|BBC ONE Monday 21 July 2008|
A reformed young offender who helps out in an elderly woman's house discovers a letter which reveals that she has a forgotten brother, lost in the care system, as the Midlands medical drama continues. The young man tries to pressure the woman into finding her brother and Archie finds himself caught in the middle. He tries to restore the young man's faith in the system and to help the woman confront her past.
Julia and Marcia arrive in Spain and Mal greets them and takes their bags to their room. Julia takes a shine to him, especially when he later rescues her from some unwanted attention.
Daniel brags about his storeroom cupboard antics to Jimmi and Nick as Archie listens in. Kay arrives at the surgery and makes a play for Daniel, who arranges to meet her later. Daniel leaves to meet Kay and Melody follows him. When she sees Daniel and Kay together, she is furious.
Archie is played by Matt Kennard, Julia by Diane Keen, Daniel by Matthew Chambers, Jimmi by Adrian Lewis Morgan, Nick by Michael McKell and Melody by Elizabeth Bower. Mal is played by special guest star Ray Fearon, Marcia by guest star Sheila Ruskin and Kay by guest star Clare Calbraith.
It's Bradley's day in court after he was caught driving carelessly, in tonight's visit to Albert Square.
Elsewhere, Roxy has moved back in and Ronnie seems happier – despite a black eye and the loss of her treasured locket.
Clare tidies the house and beautifies herself. Is she expecting a mystery caller?
Bradley is played by Charlie Clements, Roxy by Rita Simons, Ronnie by Samantha Janus and Clare by Gemma Bissix.
Standing (Dennis Waterman)
calls Strickland’s bluff
Crack sleuthing team Halford, Lane, Pullman and Standing investigate an arson attack on an Eighties music station which resulted in the death of controversial DJ Johnny Deacon, as the crime drama continues. The station's media mogul owner, Sir Max Wyatt, who was already under public scrutiny for ripping off the company employee's pension fund, committed suicide shortly afterwards. Despite suggestions of an insurance scam, the original investigation drew a blank.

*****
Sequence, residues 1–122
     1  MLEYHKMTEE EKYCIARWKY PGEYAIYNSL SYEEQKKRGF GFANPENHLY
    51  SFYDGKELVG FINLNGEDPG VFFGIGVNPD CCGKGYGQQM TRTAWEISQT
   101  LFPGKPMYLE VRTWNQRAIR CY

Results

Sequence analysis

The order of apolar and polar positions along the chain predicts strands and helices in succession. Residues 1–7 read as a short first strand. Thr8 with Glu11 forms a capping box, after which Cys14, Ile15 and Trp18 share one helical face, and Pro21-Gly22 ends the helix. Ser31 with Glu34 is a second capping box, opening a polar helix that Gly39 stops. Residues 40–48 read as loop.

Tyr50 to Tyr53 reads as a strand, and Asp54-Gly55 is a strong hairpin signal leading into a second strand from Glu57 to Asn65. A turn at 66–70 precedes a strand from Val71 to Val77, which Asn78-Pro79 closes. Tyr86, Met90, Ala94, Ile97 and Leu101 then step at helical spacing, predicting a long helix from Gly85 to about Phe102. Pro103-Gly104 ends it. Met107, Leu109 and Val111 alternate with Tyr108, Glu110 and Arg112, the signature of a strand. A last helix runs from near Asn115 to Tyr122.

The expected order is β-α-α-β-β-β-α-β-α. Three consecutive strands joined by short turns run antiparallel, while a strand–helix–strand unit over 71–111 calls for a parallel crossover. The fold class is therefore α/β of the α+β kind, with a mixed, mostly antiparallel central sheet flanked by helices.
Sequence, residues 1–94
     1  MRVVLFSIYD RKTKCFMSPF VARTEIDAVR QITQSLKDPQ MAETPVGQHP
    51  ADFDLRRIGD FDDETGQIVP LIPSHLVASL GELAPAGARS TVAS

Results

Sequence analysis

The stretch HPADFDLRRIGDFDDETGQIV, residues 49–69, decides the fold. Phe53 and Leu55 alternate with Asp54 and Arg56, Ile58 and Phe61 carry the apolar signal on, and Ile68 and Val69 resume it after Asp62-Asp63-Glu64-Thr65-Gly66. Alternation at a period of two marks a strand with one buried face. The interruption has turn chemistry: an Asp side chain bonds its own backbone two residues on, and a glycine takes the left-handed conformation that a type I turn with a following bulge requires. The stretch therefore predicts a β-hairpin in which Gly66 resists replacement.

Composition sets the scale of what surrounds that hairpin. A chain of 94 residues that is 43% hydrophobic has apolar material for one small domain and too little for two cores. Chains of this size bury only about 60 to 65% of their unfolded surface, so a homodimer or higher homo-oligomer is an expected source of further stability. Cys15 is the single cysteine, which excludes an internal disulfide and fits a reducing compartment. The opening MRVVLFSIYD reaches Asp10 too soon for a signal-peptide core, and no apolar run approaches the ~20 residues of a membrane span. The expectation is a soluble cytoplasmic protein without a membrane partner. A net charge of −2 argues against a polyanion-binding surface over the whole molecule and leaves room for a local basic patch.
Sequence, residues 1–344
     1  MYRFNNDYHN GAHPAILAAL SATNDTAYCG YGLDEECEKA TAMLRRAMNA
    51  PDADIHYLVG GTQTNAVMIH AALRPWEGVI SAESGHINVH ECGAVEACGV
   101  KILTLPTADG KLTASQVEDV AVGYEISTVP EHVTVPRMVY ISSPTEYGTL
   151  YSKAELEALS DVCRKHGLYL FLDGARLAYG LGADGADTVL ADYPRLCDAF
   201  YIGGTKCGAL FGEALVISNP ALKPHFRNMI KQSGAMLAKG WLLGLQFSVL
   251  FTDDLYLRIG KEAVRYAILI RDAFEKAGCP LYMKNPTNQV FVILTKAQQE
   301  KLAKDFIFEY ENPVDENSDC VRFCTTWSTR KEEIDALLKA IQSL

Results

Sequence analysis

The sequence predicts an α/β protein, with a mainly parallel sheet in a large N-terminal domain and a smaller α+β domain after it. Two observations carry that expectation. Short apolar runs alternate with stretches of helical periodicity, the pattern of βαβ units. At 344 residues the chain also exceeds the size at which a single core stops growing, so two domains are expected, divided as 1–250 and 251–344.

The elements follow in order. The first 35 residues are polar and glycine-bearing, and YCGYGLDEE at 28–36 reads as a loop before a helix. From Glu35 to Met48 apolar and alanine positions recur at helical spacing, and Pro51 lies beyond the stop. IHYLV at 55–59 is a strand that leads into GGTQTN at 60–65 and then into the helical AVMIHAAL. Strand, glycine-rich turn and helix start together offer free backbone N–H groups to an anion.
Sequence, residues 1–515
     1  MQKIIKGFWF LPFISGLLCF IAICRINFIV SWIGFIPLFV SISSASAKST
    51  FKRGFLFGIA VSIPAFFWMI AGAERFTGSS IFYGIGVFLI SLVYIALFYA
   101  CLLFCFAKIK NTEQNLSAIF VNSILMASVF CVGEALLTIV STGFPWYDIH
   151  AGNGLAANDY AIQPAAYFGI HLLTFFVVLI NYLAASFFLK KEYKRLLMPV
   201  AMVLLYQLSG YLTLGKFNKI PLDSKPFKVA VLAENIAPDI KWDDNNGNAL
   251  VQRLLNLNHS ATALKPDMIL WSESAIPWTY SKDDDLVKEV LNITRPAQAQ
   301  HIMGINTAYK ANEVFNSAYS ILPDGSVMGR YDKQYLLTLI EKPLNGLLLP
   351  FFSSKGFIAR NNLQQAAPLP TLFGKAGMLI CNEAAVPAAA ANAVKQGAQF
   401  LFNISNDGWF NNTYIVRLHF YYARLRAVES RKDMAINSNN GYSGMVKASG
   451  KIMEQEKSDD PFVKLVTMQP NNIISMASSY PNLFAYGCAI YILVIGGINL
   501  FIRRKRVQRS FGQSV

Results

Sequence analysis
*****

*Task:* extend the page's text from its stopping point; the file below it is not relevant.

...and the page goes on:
When "super geek" and life president of DJ Johnny Deacon's fan club Jeremy Kirkham campaigns for the case to be reopened, the UCOS team not only gains a murder inquiry but Lane also gains a new friend. It is a meeting of minds when Jeremy shows Lane his collection of Deacon's work – including his distressing last broadcast on the night of the fire.
Deacon's producer, DJ Graham Madeley, escaped the fire. But, with his trophy wife, Sarah, and his office now a shrine to his dead colleague, Madeley's loyalty to Deacon seems at odds with how others viewed their relationship.
With Halford still missing, the team is under pressure not only to deliver on the case, but also to cover Halford's prolonged absence. Strickland is keen to find a permanent replacement for Jack, but Pullman and Standing call his bluff, threatening to quit rather than work with someone new on the team.